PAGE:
Comment Re:social experiments (Score 1) 299

All of this presumes that people do not have a will of their own and are more or less working off pure instinct / animalistic nature.

This assumption, that people CANNOT control themselves (default behavior) is how we get into this mess. Because we assume people cannot control themselves, we then excuse behavior. And then when we start excusing some behaviors, we allow for that logic (when it actually starts applying again) to replicate to all sorts of other "instinctual" aspects, like boys raping girls who are passed out.

How about we stop saying people CANNOT control themselves, and say that they WILLNOT control themselves. IMHO we should be teaching self control and willpower. But that doesn't create a subservient sheeple class in society.

Comment Re:social experiments (Score 5, Interesting) 299

The consequences for males is less, because society starts off by saying boys have nothing to say in the matter of birth control and abortion. When you start the conversation by excluding the other parent as irrelevant, you should at least understand that part of that is how you frame other aspects of the same event.

This isn't a commentary on Abortion at all, but rather the framing of "my body my right" logic that then gets changed after 9 months.

For instance, Family court is one area where Men are at a complete disadvantage. Not that anyone cares.

Comment Re:social experiments (Score 1) 299

An educated society that can read, write and do math correctly, is a benefit. All the other social experiements have proven to be ineffectual at best, and at worst has added to our existing problems.

I mean, whose values do you want to indoctrinate our kids with, yours? Mine? The Radical Muslim? The WBC? The Militant Atheist who wants to kill everyone that believes in a deity?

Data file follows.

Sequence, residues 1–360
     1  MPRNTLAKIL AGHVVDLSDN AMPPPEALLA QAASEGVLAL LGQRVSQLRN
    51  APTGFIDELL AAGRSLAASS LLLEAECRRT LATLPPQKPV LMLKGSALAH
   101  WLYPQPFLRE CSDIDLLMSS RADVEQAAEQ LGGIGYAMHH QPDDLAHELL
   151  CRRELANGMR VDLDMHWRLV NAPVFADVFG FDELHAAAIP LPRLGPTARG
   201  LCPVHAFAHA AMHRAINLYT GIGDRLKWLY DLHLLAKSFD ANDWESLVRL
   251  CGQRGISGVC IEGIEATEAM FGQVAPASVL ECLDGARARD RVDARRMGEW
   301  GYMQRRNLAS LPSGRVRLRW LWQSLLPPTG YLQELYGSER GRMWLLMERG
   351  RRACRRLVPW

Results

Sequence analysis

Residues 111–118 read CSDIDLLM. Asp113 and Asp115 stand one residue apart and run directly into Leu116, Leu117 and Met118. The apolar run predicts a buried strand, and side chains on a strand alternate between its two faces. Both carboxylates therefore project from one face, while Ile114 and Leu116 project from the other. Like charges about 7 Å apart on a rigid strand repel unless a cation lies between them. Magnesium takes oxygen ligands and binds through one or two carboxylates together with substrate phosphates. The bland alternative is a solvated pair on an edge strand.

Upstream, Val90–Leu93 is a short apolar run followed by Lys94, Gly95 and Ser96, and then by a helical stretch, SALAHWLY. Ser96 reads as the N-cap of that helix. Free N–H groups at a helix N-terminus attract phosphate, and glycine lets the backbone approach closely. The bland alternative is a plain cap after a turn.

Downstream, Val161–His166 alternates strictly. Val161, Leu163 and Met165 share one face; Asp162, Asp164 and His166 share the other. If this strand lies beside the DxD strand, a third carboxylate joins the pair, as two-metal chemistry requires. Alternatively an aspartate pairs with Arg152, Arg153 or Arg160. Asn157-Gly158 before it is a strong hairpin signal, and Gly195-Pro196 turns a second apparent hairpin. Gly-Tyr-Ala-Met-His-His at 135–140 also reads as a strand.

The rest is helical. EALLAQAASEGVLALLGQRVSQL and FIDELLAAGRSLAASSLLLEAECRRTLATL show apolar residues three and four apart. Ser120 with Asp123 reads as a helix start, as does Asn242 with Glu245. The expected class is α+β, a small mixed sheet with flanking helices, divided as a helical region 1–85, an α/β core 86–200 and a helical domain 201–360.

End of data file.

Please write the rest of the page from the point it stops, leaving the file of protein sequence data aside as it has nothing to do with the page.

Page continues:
Comment Re:social experiments (Score 1, Interesting) 299

Actually, blaming it on either Conservative or Liberal is probably misleading. While the idea of "waiting" till you're able is likely conservative, even liberals would tend to agree. And it would be typical of a Liberal to label an unwanted baby as "Punishment", and they would likely want to deter it with such a program that basically enforces that idea.

Therefore, it is my conclusion that REALLY bad ideas come from trying to fit Conservative ideas with Liberal problem solving.

Schools should stick to Reading, Writing and Math, and drop the stupid social experiments that usually cause more problems than they solve.

Comment Re:BS (Score 1) 166

Single Data points are all I have to reference. And data connectivity wasn't an issue, as we have enterprise class WiFi in the building and the AP was just 20 ft away.

When Google Now (OK Google) can't connect, it doesn't say anythng cute, it says something useful (Unable to connect or whatever)

Its just that everytime I've seen Siri actually used by iPhone people, it is less than what I get with Android and Google Now. The exceptions are the "cute" answers that Siri sometimes gives when it can't actually answer the question. Which is exactly what I saw this time, and gave an example.

Comment So you have to disclose it to the government (Score 1) 29

30.8 5G Provider Cybersecurity Statement Requirements.

(a) Statement. Each Upper Microwave Flexible Use Service licensee is required to submit to the Commission a Statement describing its network security plans and related information, ...

So the applicant has to publish his whole security architecture in order to get a license.

On one hand this conforms to the best practices recommendations of the security community: Expose the algorithm to analysis and keep the security in the keying secrets.

On the other hand this gives the government the opportunity to pick-and-chose only those systems it can break.

Oh, gee. Which way will it work?

Comment Same model NAME! (Score 1) 31

Latest phone supported is the international version of the Galaxy S III (I9300) ... Note: The U.S. version of Galaxy S III is a different motherboard and chip - the same model number on a different device.

The same model NAME on a different device. Model number is different, which is how you tell for sure you got the right one.